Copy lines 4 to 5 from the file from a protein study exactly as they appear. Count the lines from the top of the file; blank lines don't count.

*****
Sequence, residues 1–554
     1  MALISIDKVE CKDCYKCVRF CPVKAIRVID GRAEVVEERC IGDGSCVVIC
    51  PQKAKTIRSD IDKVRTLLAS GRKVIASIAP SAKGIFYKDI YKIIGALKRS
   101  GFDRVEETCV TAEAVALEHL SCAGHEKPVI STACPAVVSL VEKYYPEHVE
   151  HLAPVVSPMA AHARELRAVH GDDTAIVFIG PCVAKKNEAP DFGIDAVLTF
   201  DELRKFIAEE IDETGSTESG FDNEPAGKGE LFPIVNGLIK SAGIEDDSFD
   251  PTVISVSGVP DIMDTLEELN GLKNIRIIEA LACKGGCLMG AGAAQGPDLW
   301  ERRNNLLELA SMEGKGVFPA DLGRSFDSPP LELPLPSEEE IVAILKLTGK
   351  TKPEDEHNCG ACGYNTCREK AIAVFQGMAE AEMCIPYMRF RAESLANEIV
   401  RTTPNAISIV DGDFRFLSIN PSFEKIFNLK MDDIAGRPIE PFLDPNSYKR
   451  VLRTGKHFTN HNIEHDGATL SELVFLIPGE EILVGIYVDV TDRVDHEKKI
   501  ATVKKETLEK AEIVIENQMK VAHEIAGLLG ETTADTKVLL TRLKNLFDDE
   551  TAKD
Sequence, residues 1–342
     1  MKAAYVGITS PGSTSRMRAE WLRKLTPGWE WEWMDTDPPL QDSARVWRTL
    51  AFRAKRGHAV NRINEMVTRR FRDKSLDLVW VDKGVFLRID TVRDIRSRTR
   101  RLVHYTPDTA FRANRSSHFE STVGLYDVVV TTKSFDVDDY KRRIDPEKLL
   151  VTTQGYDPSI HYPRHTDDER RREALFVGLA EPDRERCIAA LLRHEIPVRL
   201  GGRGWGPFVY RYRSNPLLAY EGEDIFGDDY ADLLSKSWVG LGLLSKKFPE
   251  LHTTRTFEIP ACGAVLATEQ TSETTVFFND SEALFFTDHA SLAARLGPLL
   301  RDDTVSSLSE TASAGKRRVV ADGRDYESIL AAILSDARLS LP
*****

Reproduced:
   101  GFDRVEETCV TAEAVALEHL SCAGHEKPVI STACPAVVSL VEKYYPEHVE
   151  HLAPVVSPMA AHARELRAVH GDDTAIVFIG PCVAKKNEAP DFGIDAVLTF